Academic journal article Studies in Sociology of Science

Perceived Impact of the National Health Insurance Schemes (NHIS) among Registered Staff in Federal Polytechnic, Idah, Kogi State Nigeria

Academic journal article Studies in Sociology of Science

Perceived Impact of the National Health Insurance Schemes (NHIS) among Registered Staff in Federal Polytechnic, Idah, Kogi State Nigeria

Article excerpt


The importance of a healthy worker to private and public organizations cannot be overemphasized. A healthy population makes a healthy nation and workforce upon which the realization of corporate objectives of organizations largely depends. However, when health problems occur among workers in their productive years the number of available workers reduces, absenteeism increases while productivity decline. The Global Business Council on HIV/AIDS (2002) reasoned that with increasing absenteeism organizations will experience loss of skills and declining morale which is likely to lower productivity.

It is in view of the above that some employers sometimes establish health scheme for their workers to address their health needs. One of such health package is the National Health Insurance Scheme established by the Federal Government of Nigeria in 2005 as a policy response to the rapid escalating cost of health services and the lack of accessibility to health services by majority of Nigerians despite the National Health Policy (NHP) of 1988. Since the establishment of the scheme four years ago there have been mixed feelings about the impact of the programme on workers.

This study is therefore conducted to find out the perceived impact of the National Health Insurance Scheme (NHIS) among registered staff in Federal Polytechnic, Idah in Kogi State, Nigeria. The issues which constitute the problematique of the study are broadly summarized in four principal research questions as shown below:

(i) What is the scheme all about and the challenges of the programme?

(ii) What is the perceived impact of the scheme on registered workers in terms of morale and job satisfaction?

(iii) Do worker access health services through the scheme and what is the quality of series rendered by health service providers.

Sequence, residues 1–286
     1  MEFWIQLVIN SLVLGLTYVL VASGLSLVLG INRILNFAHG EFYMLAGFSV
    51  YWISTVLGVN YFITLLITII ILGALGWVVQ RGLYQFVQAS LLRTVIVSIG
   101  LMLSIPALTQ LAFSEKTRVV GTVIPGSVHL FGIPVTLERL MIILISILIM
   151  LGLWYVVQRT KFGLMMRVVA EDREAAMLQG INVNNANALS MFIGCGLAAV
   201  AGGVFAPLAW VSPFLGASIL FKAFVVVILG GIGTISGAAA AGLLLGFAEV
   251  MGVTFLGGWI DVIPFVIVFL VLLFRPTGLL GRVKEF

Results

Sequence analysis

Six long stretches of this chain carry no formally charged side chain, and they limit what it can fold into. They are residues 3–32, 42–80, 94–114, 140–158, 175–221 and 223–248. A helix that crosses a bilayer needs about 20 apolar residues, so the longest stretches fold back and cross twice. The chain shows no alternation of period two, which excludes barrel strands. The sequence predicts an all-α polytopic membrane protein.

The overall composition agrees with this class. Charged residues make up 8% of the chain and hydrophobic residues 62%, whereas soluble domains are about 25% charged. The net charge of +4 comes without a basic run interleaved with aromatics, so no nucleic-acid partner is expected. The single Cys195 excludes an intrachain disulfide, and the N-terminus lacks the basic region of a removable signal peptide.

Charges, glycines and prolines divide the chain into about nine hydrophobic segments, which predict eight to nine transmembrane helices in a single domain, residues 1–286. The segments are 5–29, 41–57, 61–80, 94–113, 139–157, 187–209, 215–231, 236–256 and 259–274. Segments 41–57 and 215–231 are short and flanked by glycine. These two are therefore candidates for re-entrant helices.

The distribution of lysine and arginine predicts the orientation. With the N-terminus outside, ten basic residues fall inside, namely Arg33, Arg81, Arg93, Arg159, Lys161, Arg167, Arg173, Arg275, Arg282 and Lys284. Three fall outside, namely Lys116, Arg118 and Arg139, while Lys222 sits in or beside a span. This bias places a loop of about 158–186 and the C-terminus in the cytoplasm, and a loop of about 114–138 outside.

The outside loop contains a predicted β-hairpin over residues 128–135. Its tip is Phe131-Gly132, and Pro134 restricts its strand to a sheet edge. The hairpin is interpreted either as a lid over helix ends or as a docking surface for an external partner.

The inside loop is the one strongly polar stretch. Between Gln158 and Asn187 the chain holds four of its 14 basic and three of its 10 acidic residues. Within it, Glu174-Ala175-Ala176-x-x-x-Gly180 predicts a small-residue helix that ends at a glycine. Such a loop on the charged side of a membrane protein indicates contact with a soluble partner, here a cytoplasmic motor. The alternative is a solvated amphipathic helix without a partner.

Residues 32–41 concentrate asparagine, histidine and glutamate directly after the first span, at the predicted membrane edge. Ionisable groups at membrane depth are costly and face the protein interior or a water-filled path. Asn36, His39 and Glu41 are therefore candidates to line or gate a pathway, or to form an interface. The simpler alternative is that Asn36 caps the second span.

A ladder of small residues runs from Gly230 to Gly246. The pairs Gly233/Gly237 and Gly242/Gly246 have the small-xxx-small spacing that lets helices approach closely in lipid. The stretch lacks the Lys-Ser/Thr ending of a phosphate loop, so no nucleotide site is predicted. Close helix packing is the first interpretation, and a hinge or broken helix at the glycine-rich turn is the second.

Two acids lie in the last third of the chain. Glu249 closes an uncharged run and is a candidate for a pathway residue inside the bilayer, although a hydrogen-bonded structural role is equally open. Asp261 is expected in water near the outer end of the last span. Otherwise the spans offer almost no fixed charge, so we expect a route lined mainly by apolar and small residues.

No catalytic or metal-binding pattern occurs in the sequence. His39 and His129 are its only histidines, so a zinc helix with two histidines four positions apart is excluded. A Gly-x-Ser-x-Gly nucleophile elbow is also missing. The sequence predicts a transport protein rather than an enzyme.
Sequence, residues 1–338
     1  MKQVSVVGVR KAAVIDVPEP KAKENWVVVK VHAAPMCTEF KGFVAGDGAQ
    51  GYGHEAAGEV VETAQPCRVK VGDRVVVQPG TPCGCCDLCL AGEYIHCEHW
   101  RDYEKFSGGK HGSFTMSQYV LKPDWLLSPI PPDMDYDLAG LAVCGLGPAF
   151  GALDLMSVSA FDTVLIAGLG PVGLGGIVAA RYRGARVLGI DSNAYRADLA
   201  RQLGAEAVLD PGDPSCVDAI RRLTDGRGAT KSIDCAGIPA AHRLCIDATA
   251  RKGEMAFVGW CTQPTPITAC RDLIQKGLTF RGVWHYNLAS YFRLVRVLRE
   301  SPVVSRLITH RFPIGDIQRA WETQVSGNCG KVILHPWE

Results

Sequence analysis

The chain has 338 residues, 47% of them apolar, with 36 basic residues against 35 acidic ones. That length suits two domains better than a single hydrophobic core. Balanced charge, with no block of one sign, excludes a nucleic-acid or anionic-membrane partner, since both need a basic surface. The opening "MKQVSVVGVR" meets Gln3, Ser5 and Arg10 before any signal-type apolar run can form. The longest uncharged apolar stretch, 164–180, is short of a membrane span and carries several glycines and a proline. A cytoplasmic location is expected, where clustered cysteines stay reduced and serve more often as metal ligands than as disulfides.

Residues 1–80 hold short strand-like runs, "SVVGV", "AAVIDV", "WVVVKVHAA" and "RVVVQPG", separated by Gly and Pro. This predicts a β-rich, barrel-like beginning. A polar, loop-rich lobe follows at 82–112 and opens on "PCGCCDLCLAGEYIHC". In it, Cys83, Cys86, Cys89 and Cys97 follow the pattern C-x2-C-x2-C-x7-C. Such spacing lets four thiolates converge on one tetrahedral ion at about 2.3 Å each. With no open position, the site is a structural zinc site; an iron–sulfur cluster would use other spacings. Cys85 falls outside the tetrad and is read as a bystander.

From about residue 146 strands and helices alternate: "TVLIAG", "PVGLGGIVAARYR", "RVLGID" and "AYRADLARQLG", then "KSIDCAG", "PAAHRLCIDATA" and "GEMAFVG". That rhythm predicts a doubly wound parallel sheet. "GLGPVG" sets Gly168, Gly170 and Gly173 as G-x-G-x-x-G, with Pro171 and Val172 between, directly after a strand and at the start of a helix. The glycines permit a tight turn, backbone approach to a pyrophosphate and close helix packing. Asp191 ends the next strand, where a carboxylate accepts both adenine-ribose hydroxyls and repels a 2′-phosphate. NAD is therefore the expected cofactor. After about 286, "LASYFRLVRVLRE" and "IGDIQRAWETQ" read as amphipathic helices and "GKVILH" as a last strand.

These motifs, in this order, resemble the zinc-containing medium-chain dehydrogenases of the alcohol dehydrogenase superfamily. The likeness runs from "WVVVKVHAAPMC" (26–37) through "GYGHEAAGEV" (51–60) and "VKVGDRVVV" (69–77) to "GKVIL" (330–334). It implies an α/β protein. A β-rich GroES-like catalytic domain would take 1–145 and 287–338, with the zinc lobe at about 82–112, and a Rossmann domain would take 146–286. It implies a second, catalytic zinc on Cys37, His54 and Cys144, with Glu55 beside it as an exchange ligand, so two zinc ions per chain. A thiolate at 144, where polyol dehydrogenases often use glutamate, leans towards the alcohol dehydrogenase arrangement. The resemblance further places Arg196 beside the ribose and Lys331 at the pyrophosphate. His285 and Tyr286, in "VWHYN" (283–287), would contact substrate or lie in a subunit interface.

(iv) Does the scheme have any effect on health status of workers and their finances?

The remainder of this paper shall seek to answer these questions by way of utilizing primary and secondary data.


The National Health Insurance Scheme (NHIS) was launched in 2005 by the Obasanjo Administration (1999-2007). The idea for a scheme of this nature was conceived in 1962 but was only executed forty three (43) years after because of lack of political will to actualize the dream by successive governments (Falegan, 2008), both military and civilian. Explaining the purpose of the NHIS, Ononokpono (2008), notes that it was established to provide comprehensive health care delivering at reduced (affordable) costs, covering employees of the formal sector, self-employed, rural communities, the poor and the vulnerable groups. The scheme is therefore aimed at solving the problem of inequality in the provision of health services (Ibiwoye and Adeleke, 2007). Health service is for all- both the rich and the poor.

The scheme recognizes the fact that the impact of ill health can take the form of soaring financial cost of illness, low productivity at workplace (Sanusi and Awe, 2009), absenteeism, etc. For instance, in recent years, 500 million work days were lost in Europe due to health related problems (Woolhandler et al, 2003; Colins et al, 2007).

The NHIS was established by Decree 35 of 1999. The Decree provides for the establishment of a Governing Council charged with the responsibility of managing the scheme. The council consists of the following members.

(i) The chairman who is an appointee of the President on the recommendation of the Minister of Health;

(ii) One representative each from the Federal Ministries of Health and Finance;

(iii) One representative from the office of establishment and management services in the office of the secretary to the Government of the Federation;

(iv) One person to represent the Nigerian Employers Consultative Association;

(v) One person to represent the Nigeria Labour Congress (NLC);

(vi) One person to represent the registered health maintenance organizations;

(vii) One person to represent the private health care providers

(viii) Two representatives of public interest; and

(ix) The Executive Secretary of the Scheme who is also the Secretary to the Council

Members of the council are expected to be men of proven integrity, and possessors of relevant high education and knowledge. …

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